Collecting Collectibles - Part Two : The Collectors' Matrix
By Hervé St.Louis
October 15, 2006 - 11:42
In essence, I claim, that the more you can interact with the source of entertainment, the more likely you are to buy derivative products of said sources of entertainment. This approach differs from conventional thinking where demographics and the income (and the disposable income) of the market segment determine the success of an action figure product line. The traditional demographic / income strata are useful, but are more difficult to use in for collectors’ product line. Whereas one can claim that parents are the chief consumers of say, Barbie dolls, it’s difficult to go beyond the often repeated strata of the adult male between 25 and 45 with above average education.
That’s where the Collector’s Matrix, looking at the level of emotional investment with a property is interesting. It doesn’t to explain the origin of the motivation for interest in a property, like say the nostalgia effect. Instead of explaining the source of the motivation, it argues that the more you see it and interact with it, the more likely you will purchase a derivative product in the form of an action figure.
Why is this important? Well, if you develop action figures, you may be interested in knowing what is the likelihood that your products will be purchase by your prime target market and by the potential segment. As an action figure collector, this theory is interesting because it helps explain what drives us to buy toys!
I have segmented the media into comic books (comics), books, comic strips, video games, television and film. I used those specific media to compare how action figures created from each fair in the market.
For each category, I have looked at their participation levels, the financial investment required to consume the contents from the media. I have looked at topic diversity of the content matters of the media. I have also identified the difficulty for consumers to purchase the media at a point of purchase. Finally, I have looked that the frequency of distribution of the media. How often is it released in the market?
In define participation levels as how much interaction does the consumer has with the contents of a property. I have attributed three levels of participation, high, medium and low.
Consumers with low level of participation are passive and do not control the playback, save for stopping it altogether. They do not determine any outcome of the plot. They also spend little time with the property. They are passive viewers. Most of the interaction is done in a public environment with other participants.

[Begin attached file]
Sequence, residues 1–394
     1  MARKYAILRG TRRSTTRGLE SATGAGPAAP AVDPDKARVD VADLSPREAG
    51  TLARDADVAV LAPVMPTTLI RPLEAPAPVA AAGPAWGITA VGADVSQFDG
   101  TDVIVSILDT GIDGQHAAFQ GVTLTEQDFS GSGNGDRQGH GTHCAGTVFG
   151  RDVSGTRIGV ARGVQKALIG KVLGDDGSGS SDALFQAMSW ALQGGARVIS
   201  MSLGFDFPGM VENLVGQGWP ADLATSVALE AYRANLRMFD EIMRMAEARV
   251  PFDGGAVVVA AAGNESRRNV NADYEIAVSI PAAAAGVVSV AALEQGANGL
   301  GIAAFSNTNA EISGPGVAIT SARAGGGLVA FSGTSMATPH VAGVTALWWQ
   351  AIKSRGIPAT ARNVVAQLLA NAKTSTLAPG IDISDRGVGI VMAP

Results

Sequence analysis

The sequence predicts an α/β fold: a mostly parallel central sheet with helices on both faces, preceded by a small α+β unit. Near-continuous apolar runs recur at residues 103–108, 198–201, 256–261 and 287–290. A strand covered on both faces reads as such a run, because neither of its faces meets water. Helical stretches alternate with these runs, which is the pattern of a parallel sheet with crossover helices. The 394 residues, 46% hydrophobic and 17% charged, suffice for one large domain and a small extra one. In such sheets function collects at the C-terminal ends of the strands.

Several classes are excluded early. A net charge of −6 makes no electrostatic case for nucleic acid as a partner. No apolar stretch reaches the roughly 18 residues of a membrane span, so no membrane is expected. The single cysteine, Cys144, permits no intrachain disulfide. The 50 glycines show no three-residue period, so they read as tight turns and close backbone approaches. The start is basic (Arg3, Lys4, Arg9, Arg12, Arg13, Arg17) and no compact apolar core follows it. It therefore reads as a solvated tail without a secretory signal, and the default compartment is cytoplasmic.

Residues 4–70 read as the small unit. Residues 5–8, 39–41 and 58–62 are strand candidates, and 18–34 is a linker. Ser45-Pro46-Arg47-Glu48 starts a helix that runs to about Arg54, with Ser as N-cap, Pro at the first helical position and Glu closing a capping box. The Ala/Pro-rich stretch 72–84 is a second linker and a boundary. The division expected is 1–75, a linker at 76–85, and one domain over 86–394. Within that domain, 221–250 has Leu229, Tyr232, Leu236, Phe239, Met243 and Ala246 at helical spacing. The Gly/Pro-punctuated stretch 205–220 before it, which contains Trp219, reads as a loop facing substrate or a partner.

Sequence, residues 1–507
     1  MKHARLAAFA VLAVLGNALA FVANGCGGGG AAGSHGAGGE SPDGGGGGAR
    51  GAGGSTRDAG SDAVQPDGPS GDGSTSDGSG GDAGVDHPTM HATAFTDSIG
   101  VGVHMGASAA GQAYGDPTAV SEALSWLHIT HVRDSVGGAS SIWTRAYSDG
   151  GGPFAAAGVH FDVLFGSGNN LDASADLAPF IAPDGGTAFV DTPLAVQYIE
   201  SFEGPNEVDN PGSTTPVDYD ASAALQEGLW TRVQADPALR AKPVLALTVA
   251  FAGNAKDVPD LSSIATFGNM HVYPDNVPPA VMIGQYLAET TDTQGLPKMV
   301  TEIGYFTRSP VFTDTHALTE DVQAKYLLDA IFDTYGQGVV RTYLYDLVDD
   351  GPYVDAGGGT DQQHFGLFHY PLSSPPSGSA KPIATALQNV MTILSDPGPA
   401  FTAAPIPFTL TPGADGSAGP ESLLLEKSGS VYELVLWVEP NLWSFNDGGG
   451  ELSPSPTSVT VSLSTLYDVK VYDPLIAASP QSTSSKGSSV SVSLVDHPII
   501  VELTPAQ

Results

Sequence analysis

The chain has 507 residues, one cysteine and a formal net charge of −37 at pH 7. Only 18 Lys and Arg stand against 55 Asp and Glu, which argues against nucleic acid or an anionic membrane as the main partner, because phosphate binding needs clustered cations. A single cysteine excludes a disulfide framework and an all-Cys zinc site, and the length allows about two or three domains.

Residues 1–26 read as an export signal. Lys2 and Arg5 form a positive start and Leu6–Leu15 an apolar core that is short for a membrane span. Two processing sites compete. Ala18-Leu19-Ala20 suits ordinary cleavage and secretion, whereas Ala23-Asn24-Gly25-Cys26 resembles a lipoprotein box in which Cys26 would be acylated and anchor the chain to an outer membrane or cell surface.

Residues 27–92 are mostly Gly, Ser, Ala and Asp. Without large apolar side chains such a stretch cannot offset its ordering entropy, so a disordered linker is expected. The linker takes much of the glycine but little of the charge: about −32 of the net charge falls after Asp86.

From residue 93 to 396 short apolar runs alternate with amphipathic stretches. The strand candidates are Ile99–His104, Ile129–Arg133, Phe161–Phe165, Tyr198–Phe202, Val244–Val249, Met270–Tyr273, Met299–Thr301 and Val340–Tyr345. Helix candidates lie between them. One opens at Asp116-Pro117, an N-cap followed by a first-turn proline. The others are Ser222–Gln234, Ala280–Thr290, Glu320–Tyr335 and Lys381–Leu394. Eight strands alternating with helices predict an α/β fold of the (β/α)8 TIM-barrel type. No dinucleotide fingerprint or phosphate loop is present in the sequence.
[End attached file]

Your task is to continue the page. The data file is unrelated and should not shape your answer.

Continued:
Consumers with medium levels of participation can interact privately with the contents. They control the playback, but cannot determine the outcome of the plot. They may spend little to lots of time immersed with the property.
Consumers with high participation levels interact with the media on a personal basis. They can stop its playback, watch it over again, “rewind” it and potentially, control the final outcome of the plot. They also spend a fair amount of time immersed in the contents.
Financial investment looks at the cost of entry of the consumer who purchases a media. I have defined the financial investment as high, medium and low.
Some costs of entry are very low or purchased as part of a package. For example, getting cable television to watch say, the Sci. Fi channel may seem expensive at first. But access to the Sci. Fi channel, also gives access to other channels. Therefore, the cost of purchase is distributed on a several programming outlets. Often, there are no fees associated with exposure to the product.
Medium financial investments are defined as being from $5 to $25 yearly. One movie tickets to see a single film would be a medium cost.
High financial investments are those that necessitate more than $25 of purchase per year. Some contents, like comic books necessitate several purchases in segments within a year.
Topic diversity looks at how many genres are covered by one medium. For example, films and books are most diverse because any topic matters are covered.
Accessibility to Point of Purchase
Accessibility to the point of purchase will often determine how often the potential collector is exposed to the property. In theory, the more he can purchase this product, the more he will be involved with it, and the more he will develop an interest for derivative action figures products-based on the property. Again, I have defined access to the property as high, medium and low.
Low access means limited distribution and sources of purchases. Comic books are the best example of this. Most comic books in North America can only be purchased through comic book retailers which obtain their stock from one distributor, Diamond Comics.
Medium access means that the product can be purchased in several locations but may require some travelling. In many small towns, there may be but one store that sells video games. Some films may not be distributed to all movie theatres. Those that do may only be available for a few weeks at most.
High access means that it is relatively easy to view the contents. The only medium with such nationwide access remains television.
Frequency of distribution
Low levels of distribution frequency are yearly and seasonal at best. For example, a Harry Potter novel is available at most at a frequency of one per year.
Medium levels are for products with a monthly distribution. Specific comic books series of characters as say, the X-Men are released monthly.
High levels of distribution are characteristic of products such as comic strips, published weekdays.
Now that I have defined the Collector’s Matrix, in my next article, I will look at how this model can be applied with actual product lines from each media.